With Hurricane Florence headed toward parts of the Southeast and Mid-Atlantic, here’s how to prepare:

Make a plan:

  • Stock up on emergency supplies for your home and car.
  • Write down emergency phone numbers and keep them near every phone in your house or on the refrigerator. Program them into your cell phone, too.
  • Buy a fire extinguisher and make sure your family knows where to find it and how to use it. Read the National Fire Protection Association’s tips for using fire extinguishers.
  • Find out where the nearest shelter is and the different routes you can take to get there if you have to leave your home.
  • Make sure that everyone in your family knows what the warning sirens in your area sound like — and what to do if they go off.

Gather supplies:

  • Have at least 5 gallons of water per person (which should be enough to last 3 to 5 days).
  • Put together a 3 to 5 day supply of food that doesn’t go bad (like canned food).
  • Gather any prescription medicines.
  • First aid kit.
  • Battery-powered radio.
  • Flashlights.
  • Extra batteries.
  • Sleeping bags or extra blankets.
  • Hand sanitizer
  • Wet cleaning cloths (like baby wipes) in case you don’t have clean water.
  • Soap.
  • Toothpaste.
  • Tampons and pads.
  • Diapers.

Get your family ready:

  • Go over your emergency plan with your family. Make sure you have the supplies you need.
  • Keep checking for updates about the storm. Watch TV, listen to the radio, or check online.
  • Listen for disaster sirens and warning signals.
  • Pack important documents (like wills or passports) with you.
  • Call the hospital, public health department, or the police about special needs. If you or a loved one is older or disabled and won’t be able to leave quickly, get advice on what to do.
  • Check your carbon monoxide detector. Carbon monoxide poisoning can be deadly.

Get your home ready:

  • Clear your yard. Make sure there’s nothing that could blow around during the storm and damage your home. Move bikes, lawn furniture, grills, propane tanks, and building material inside or under shelter.
  • Cover up windows and doors outside. Use storm shutters or nail pieces of plywood to the window frames to protect your windows. This can help keep you safe from pieces of shattered glass.
  • Be ready to turn off your power. If you see flooding, downed power lines, or you have to leave your home, switch it off.
  • Fill clean water containers with drinking water. You’ll want to do this in case you lose your water supply during the storm. You can also fill up your sinks and bathtubs with water for washing.
  • Check your CO detector to prevent CO poisoning.
  • Lower the thermostat in your refrigerator and freezer to the coolest possible temperature. If your power goes out, your food will stay fresh longer.

Get your car ready:

  • Fill your car’s gas tank. You may also want to consider making plans with friends or family to get a ride.
  • Have an emergency kit:
    • Food that doesn’t go bad (like canned food)
    • Flares
    • Jumper cables (sometimes called booster cables)
    • Maps
    • Tools, like a roadside emergency kit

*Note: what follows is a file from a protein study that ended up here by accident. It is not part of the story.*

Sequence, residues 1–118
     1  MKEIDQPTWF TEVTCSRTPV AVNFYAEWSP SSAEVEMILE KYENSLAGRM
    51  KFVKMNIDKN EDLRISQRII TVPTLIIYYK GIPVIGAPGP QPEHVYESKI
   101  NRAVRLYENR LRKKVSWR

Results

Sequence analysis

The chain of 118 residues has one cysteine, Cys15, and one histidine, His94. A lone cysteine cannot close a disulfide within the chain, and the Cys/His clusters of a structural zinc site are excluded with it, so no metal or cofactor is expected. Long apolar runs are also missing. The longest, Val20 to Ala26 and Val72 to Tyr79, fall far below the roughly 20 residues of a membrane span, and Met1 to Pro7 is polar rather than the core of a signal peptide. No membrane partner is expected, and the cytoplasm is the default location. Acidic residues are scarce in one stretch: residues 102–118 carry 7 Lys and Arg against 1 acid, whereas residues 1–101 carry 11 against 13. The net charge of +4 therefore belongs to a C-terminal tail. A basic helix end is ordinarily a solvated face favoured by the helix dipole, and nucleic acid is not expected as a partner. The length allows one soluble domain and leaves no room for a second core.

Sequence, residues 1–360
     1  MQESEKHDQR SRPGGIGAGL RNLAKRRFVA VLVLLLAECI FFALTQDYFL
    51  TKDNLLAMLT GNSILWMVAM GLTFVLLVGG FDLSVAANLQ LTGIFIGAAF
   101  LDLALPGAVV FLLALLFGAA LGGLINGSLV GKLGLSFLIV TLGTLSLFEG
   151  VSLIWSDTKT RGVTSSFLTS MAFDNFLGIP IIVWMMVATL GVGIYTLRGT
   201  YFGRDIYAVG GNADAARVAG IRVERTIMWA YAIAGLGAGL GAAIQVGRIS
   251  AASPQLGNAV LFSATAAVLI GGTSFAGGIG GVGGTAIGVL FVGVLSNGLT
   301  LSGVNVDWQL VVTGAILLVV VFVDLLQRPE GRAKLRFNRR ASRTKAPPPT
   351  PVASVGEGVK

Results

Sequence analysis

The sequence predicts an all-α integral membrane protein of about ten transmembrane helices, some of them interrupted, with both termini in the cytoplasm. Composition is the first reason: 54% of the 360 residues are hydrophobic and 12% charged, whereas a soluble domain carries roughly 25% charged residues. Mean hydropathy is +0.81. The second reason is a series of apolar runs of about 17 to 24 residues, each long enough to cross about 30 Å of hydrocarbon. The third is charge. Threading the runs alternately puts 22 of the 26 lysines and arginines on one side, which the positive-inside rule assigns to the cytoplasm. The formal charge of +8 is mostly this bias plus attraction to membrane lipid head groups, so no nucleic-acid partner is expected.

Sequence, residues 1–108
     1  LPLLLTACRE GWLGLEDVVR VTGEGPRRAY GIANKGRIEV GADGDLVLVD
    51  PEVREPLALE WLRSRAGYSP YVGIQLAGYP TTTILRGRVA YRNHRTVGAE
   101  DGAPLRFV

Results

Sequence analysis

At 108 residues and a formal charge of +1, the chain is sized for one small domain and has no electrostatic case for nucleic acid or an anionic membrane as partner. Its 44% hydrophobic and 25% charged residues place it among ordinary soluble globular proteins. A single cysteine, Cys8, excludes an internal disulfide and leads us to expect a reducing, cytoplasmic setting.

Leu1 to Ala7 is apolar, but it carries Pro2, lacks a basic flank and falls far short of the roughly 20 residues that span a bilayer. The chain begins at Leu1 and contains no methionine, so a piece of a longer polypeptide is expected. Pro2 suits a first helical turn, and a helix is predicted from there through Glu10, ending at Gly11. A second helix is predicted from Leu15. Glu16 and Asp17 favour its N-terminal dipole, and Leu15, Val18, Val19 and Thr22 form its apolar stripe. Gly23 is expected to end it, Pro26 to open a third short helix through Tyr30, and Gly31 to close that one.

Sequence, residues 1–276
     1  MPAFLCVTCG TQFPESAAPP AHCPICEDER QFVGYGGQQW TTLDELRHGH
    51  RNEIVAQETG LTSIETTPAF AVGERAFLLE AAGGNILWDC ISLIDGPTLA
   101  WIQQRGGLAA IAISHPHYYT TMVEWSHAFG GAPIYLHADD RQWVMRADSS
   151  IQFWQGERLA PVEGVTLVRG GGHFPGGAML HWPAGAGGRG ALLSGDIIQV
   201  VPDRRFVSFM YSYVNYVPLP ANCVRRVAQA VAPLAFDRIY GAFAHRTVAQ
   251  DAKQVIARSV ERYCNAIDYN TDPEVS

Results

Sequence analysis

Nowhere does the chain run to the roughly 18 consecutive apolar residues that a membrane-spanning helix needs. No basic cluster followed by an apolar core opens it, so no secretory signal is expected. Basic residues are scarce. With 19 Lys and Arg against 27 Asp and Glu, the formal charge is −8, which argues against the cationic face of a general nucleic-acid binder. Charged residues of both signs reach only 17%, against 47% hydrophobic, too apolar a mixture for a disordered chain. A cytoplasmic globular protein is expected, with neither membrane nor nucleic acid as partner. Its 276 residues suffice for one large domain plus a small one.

• A first aid kit and instructions
    • A fire extinguisher
    • Sleeping bags
    • Flashlight and extra batteries

Evacuate or stay home?

If you are told to evacuate, do so and at the proper time. Even sturdy, well-built houses may not hold up against a hurricane. Staying home to protect your property is not worth risking your health and safety. You may also hear an order to stay at home. Sometimes, staying at home is safer than leaving.

If told to evacuate:

  • Only take what you really need with you, like your cell phone, chargers, medicines, identification (like a passport or license), and cash.
  • Make sure you have your car emergency kit.
  • If you have time, turn off the gas, electricity, and water. Also unplug your appliances.
  • Follow the roads that emergency workers recommend even if there’s traffic. Other routes might be blocked.

If you need to stay home:

  • Keep listening to the radio or TV for updates on the hurricane.
  • Stay inside. Even if it looks calm, don’t go outside. Wait until you hear or see an official message that the hurricane is over. Sometimes, weather gets calm in the middle of a storm but then gets worse again quickly.
  • Stay away from windows. You could get hurt by pieces of broken glass during a storm. Stay in a room with no windows, or go inside a closet.
  • Be careful. Winds can blow debris — like pieces of broken glass and other objects — at high speeds. Flying debris is the most common cause of injury during a hurricane. You’re also at a higher risk of breaking a bone or cutting yourself on loose nails, metal, or other objects.
  • Be ready to leave. If emergency authorities order you to leave or if your home is damaged, you may need to go to a shelter or a neighbor’s house.

Stay safe with the incoming hurricane. As always, follow the advice of local officials. All information was obtained from the Centers for Disease Control and Prevention website.

Author

Jackson is Head of Content at WeatherOptics and produces several forecasts and manages all social media platforms. Previously, Jackson forecasted local weather for southwestern Connecticut, founding his website, Jackson's Weather, in the March of 2015. He is currently studying Meteorology and Broadcast Journalism as the University of Miami.

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